Low Staffing in the Maternity Ward: Keep Calm and Call the Surgeon

Gabriel Alejandro Facchini Palma

Research output: Contribution to journalArticleResearchpeer-review


This paper examines how workload affects the provision of care in a large but understudied segment of the healthcare sector – maternity wards. I use detailed patient-level administrative data on childbirth, and exploit quasi-random assignment of unscheduled patients to different staffing ratios. I find that the probability of C-section increases at a decreasing rate with workload. I show that this result is not attributable to patients’ differential sorting across staffing levels. Instead, I find evidence that C-sections are used to alleviate midwives’ workload -they are faster than vaginal births and performed by physicians. I also exploit patient's civil status to determine whether the effect varies with patient's bargaining power -single women are on average more likely to be alone in the delivery room. Consistent with induced demand, only single patients are more likely to receive a C-section when admitted at high workload levels.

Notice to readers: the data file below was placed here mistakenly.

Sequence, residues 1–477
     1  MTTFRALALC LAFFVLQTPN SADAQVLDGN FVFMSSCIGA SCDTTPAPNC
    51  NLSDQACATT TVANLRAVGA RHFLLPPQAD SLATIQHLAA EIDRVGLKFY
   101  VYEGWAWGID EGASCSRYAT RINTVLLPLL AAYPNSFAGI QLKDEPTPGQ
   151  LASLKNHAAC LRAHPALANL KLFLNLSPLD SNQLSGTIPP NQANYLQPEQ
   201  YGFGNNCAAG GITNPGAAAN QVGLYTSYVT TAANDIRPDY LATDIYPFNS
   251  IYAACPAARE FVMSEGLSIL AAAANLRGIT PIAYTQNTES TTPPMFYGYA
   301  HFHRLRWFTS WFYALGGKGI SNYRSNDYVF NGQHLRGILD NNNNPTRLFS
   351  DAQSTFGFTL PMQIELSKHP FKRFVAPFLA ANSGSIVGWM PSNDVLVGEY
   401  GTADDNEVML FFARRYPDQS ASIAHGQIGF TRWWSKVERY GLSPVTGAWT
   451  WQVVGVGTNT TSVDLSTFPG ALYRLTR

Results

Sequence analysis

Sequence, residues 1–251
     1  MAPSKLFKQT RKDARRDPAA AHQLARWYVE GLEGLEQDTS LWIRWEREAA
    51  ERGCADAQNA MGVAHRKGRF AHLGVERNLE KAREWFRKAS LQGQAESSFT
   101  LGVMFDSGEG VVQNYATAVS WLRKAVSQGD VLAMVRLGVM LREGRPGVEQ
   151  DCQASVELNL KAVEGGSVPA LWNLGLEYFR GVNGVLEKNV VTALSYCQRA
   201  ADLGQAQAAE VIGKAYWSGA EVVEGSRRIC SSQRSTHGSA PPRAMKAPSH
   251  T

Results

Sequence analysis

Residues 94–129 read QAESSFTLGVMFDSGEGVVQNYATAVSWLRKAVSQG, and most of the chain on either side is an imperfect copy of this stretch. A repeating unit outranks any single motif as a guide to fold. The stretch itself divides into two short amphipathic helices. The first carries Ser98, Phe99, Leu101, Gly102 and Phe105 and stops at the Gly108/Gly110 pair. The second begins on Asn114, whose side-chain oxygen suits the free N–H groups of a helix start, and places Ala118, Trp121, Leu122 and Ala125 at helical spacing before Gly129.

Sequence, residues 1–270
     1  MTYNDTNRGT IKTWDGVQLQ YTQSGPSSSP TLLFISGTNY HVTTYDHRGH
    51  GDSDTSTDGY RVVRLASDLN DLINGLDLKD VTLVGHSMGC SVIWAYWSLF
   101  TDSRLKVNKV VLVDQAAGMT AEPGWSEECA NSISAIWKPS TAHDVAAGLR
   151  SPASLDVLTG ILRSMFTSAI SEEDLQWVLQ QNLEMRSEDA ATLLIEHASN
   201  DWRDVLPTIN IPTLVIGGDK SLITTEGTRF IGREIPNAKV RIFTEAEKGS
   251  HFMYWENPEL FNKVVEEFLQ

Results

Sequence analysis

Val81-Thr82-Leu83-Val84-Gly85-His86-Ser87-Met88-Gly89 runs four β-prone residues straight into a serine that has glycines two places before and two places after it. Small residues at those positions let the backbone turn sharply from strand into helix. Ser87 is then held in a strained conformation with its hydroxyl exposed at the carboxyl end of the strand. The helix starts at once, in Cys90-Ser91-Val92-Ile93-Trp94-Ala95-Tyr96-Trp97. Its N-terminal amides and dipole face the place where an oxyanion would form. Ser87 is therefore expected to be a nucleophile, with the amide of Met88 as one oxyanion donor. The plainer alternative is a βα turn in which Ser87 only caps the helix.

Original languageEnglish
Pages (from-to)370-394
Number of pages25
JournalJournal of economic behavior and organization
Publication statusPublished - 1 May 2022


  • Bargaining power
  • Cesarean section
  • Midwives
  • Physician induced demand
  • Workload


Dive into the research topics of 'Low Staffing in the Maternity Ward: Keep Calm and Call the Surgeon'. Together they form a unique fingerprint.

Cite this